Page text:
Rural to urban

Rural to urban

Mpact stresses the interconnection between rural and urban areas and the importance of a local and demand-based approach for mobility needs.

Imagine a city with the perfect mobility approach: you will probably see many pedestrians strolling about in green spaces, and there will be many cyclists, extensive public transport, and some room for the occasional shared and autonomous car.

A street in Orkney Islands. Credit: Esen Köse

Now, do the same exercise, but think about a rural area: what do you see? Chances are your mind would go to cows laying on the grass in an immaculate, green field, all because you have no idea what rural mobility is or could potentially be. Alternatively, if rural mobility is right up your alley, there is a good chance your mobility scenarios may be less utopic.

Either way, we can agree that rural mobility does not always get the attention it deserves. This hurts all of us because the urban, suburban, and rural spaces in our lives are interconnected – or at least, they should be. If urbanites do not want their cities to drown in car traffic, they should support solutions that are tailor-made for those living and working in suburban and rural spaces, and to do so, there is a need for a demand-based, regional, and non-exclusively urban approach.

Mpact has been focusing on this approach in several of its projects, among them the Interreg North-Sea G-PaTRA project – short for Green Passenger Transport in Rural Areas. With a particular focus on the UK, the Netherlands, Denmark, Germany, Norway, and Belgium, G-PaTRA aims at promoting green mobility by enhancing the capacity of authorities to reduce CO2 from personal transport in remote and rural areas, as well as islands, by embedding more zero-emission vehicles in rural transport systems and improving available passenger transport resources.

In particular, also thanks to relevant international sources of inspiration, the Belgian region of Flanders, a 78,8% rural area where Mpact has been fairly active, has achieved great results and highlighted further opportunities of exploitation for rural mobility.


The island perspective: self-awareness creates a city-independent framework

The Orkney Islands, an archipelago in the Northern Isles of Scotland, situated off the north coast of the island of Great Britain, serves as a fundamental inspiration for the work (to be) done by Mpact in Flanders.

Orkney Islands: Stromness has an extensive EV charging infrastructure. Credit: Esen Köse

Indeed, these islands generate their electricity with windmills and use it for their extensive charging infrastructure to fuel private electric cars for inhabitants and shared electric bicycles for tourists. Moreover, the Scottish council area has been also experimenting with autonomous transport by delivering mail around the islands by drone. The Orkneys achieved this by not working off an urban mobility framework that would focus on reducing cars instead of making its car use more sustainable – the island group looked at what they had to work with and involved their community to come to a tailor-made solution.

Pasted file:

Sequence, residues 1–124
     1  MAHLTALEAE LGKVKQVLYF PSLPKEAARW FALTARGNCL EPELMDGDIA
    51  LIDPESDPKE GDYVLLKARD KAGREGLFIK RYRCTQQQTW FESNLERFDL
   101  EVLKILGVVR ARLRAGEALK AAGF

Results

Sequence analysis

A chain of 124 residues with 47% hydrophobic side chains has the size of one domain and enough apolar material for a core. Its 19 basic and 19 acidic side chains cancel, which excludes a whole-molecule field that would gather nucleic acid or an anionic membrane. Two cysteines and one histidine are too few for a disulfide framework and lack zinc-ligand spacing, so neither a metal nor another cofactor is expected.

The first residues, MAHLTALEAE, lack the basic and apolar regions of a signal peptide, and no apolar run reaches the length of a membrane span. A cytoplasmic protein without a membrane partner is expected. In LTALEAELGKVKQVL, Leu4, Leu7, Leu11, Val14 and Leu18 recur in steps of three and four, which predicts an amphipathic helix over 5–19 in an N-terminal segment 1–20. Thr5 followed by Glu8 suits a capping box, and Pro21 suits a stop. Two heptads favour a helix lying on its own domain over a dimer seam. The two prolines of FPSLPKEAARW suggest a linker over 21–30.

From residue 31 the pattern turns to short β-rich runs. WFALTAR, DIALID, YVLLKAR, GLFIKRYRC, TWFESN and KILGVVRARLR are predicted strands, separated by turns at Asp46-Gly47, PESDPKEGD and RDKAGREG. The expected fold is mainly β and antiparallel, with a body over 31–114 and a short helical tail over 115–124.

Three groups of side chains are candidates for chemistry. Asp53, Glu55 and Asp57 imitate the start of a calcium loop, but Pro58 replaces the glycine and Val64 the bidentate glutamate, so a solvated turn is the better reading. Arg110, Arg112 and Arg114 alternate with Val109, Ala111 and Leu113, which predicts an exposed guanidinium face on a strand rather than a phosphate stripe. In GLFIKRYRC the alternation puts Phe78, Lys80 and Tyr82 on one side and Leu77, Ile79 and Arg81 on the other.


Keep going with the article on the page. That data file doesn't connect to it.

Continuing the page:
The main lesson gathered from the Orkneys and to be applied by Flanders has been to lead with a demand-based perspective, rather than projecting some urban-based plans on the countryside – while some mindsets still need changing, this approach is already part of the upcoming Flemish mobility plan (‘basic accessibility’).


The region rules supreme: filling in the gaps with ridesharing on a regional level

Pouring resources into a bus for everyone is not the most efficient or feasible approach for rural mobility.

One region in France, the Grand Est region, has come to realise just that. The region has instead come up with a plan to make car travel more sustainable. To turn ridesharing into a success, the region has implemented financial and promotional collaborations with local authorities by creating an intermobility charter, with 40 municipalities as signatories. These municipalities have created a network of carpool parking and transfer parking that provide capacity, greenery, and some basic services such as sanitary accommodations.

This means that carpooling to work or leaving the car behind when entering the city has become easy, cheap, and comfortable, and it represents a big boost to rural areas and their connection to work means and the city.

Similarly, in Flanders, the Mpact carpool platform already provides a way for companies to let their employees match up, drive together to work, and receive the fiscal advantage for carpooling. The next steps envisioned are to look at a possible regional approach towards carpooling, with the incorporation of leisure car travel, which corresponds to two-thirds of car travel in Flanders.


More than just mobility: mobihubs as the entry point to society